Q&A with Martin Kutnowski

From Argentina to the States and from the States to Canada, that’s how Martin Kutnowski’s life can be summarized. Canada is his third home, and since the day he arrived here, ten years ago, Fredericton is his house. Kutnowski grew up in Argentina, but he had a chance to study in the US. After that, an opportunity to work at St. Thomas came. The co-founder of the fine arts program fell in love with Fredericton and lever left again.

How important is music for you?

It really feeds me everyday. It’s something that defines who I am. When I play the piano, when I compose music, when I listen to the music, when I teach music I’m discovering something essential about me and about people. Music really offers a portal to understand life.

What kinds of music are in your playlist? Do you listen to any popular music from today?

Classical music, ethnic music, and different kinds of world music. I listen to some that I used to listen when I grew up and tango of course. I love all kinds of music.

You know, the problem with very recent music is that quality is not always there. What I found with pop music is that if you take any name that is very famous today, it wasn’t famous six months ago and it won’t be famous six months from now. My playlist for long drives have about 400 songs. The very best songs in my humble opinion and those 400 songs are from time to time broadcast on the radio, I don’t know why. The Beatles, the Rolling Stones or Elton John… There are great songs from now that are on my playlist like Lady Gaga and Adele that I really like, but many songs from right now are not really good.

Do you believe music needs to show a message to people?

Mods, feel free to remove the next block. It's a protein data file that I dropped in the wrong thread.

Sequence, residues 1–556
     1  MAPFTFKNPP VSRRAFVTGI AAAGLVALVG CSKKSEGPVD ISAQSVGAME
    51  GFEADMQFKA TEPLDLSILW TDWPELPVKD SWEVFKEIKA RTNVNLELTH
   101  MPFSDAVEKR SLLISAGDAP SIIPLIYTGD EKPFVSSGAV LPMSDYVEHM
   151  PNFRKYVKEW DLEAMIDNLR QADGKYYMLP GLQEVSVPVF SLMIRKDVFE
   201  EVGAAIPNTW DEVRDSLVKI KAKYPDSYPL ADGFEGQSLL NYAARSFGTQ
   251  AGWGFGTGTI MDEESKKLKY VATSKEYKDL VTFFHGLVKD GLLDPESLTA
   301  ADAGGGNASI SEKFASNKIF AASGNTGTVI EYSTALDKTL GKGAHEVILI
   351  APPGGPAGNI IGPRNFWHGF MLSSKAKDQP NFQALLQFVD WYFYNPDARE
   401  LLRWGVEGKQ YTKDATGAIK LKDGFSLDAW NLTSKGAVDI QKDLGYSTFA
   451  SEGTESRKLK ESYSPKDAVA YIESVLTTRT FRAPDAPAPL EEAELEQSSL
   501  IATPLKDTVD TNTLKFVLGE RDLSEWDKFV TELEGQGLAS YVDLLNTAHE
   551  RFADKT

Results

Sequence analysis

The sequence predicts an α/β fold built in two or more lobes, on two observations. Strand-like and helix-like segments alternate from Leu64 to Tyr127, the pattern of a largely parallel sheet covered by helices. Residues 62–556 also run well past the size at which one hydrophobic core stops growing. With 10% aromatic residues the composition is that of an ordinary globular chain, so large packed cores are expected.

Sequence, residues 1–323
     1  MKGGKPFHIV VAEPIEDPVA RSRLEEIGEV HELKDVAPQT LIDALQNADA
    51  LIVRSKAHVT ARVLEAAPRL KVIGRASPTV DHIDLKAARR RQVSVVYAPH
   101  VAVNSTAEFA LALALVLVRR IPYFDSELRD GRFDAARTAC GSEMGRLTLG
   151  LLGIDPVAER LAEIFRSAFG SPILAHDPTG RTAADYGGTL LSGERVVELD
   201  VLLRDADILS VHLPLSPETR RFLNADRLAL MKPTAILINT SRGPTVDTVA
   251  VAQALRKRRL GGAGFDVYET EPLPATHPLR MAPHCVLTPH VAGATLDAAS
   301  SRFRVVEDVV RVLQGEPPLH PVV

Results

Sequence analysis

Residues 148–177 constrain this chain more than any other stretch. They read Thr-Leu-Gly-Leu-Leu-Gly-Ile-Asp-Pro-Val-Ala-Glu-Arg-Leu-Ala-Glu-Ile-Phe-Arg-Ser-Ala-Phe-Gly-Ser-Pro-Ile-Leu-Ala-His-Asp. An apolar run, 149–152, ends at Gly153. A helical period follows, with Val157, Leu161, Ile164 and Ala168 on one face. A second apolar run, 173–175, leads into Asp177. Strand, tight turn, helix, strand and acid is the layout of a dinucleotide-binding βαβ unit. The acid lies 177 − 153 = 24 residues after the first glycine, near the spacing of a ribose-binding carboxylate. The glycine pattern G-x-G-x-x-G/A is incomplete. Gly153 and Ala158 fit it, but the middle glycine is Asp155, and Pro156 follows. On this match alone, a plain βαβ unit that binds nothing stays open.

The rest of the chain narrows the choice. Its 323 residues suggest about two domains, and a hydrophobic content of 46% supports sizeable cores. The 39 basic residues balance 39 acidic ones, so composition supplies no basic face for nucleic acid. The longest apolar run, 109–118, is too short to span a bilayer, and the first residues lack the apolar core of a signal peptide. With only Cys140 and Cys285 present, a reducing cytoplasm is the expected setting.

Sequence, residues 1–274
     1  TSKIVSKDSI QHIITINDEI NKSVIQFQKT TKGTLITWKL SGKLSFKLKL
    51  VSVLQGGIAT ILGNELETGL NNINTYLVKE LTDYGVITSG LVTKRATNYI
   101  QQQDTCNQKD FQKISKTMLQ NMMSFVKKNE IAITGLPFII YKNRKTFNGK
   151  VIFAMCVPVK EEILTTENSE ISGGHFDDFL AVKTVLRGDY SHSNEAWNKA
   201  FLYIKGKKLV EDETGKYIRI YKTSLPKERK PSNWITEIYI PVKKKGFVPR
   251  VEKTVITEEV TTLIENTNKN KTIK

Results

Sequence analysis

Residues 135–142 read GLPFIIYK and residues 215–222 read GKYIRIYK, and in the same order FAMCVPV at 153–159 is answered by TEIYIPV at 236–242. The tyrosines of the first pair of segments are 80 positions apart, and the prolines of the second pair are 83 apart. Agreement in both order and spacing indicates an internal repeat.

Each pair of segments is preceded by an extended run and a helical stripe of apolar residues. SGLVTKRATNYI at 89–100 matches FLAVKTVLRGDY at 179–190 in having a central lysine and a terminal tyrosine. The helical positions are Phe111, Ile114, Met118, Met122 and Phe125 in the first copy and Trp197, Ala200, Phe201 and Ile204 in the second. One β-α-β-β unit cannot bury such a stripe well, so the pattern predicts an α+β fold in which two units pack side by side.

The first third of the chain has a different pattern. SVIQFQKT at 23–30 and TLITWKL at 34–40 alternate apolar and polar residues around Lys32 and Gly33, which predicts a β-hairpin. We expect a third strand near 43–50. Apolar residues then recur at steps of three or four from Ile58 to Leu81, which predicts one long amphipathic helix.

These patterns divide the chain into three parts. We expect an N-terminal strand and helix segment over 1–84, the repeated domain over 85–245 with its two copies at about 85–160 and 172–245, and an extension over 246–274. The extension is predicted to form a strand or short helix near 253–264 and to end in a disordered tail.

The primary function of art is to be pleasurable. The pleasure can be because of the beauty, because of the intellectual challenge, whatever. I think that we shouldn’t forget that art is about experiencing pleasure. I listen to it because I like it, because I feel good, so if it doesn’t have a message, but people are having fun with it, I’m really down for it. If you have a million dancing with a lot of joy, they surely find a message there.

Why is music a great connector between people?

Music kind of creates a brotherhood. Let’s say you’re in a camping trip, it’s night, there’s a fire and somebody grabs a guitar. Everybody sings and all of a sudden you feel so close to everybody else.

Have you always wanted to be involved with music?

Since very early I always had a special connection with music. I learned how to play the piano relatively young, and then I started playing the guitar. At some point I was like ‘wait a minute, I want to be a musician’ but back then it was a completely different realization. It’s like this friend and at some point you’re like ‘I want to marry this friend.’ It was like proposing to music.

I was 17. I was on the highway in Buenos Aires and I was like ‘wait a minute, that’s what I want to do with my life.’ Back then, when I said to myself ‘I want to be a musician,’ the only thing I knew for sure is that I would never be a music teacher.

Because when I was 17, I thought I was going to be a rock star. I started teaching very young just because people were asking… And overtime I realized I was learning a lot by teaching. It’s been 30 years since then and I never stopped teaching music.

What’s your creative process?

I try to get myself in the skin of the character that I am representing. Not everything happens on the piano. Sometimes I’m driving and an idea comes to me and I have to hurry up to write it down before I forget.

Some people say music cannot be taught, how do you teach music?

I can teach how to play an instrument, and teaching grammar is also possible, what I cannot teach you or anybody else is what you want to write. I can’t even correct you, all I can do is offer you feedback.

What ideas are you trying to convey with your music?

Music needs to be honest. When I write, essentially what I am trying to do is to say the truth, to speak the truth. There’s a hope that my truth may resonate in others.